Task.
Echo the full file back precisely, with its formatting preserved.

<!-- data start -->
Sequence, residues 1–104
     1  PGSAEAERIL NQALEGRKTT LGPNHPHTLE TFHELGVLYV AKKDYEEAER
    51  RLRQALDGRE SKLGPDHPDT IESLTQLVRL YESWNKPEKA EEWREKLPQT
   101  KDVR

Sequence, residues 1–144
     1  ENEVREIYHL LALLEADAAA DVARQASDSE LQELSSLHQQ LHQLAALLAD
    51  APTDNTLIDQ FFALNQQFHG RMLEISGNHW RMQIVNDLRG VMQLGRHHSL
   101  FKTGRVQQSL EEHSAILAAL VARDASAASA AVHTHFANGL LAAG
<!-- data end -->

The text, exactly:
Sequence, residues 1–104
     1  PGSAEAERIL NQALEGRKTT LGPNHPHTLE TFHELGVLYV AKKDYEEAER
    51  RLRQALDGRE SKLGPDHPDT IESLTQLVRL YESWNKPEKA EEWREKLPQT
   101  KDVR

Sequence, residues 1–144
     1  ENEVREIYHL LALLEADAAA DVARQASDSE LQELSSLHQQ LHQLAALLAD
    51  APTDNTLIDQ FFALNQQFHG RMLEISGNHW RMQIVNDLRG VMQLGRHHSL
   101  FKTGRVQQSL EEHSAILAAL VARDASAASA AVHTHFANGL LAAG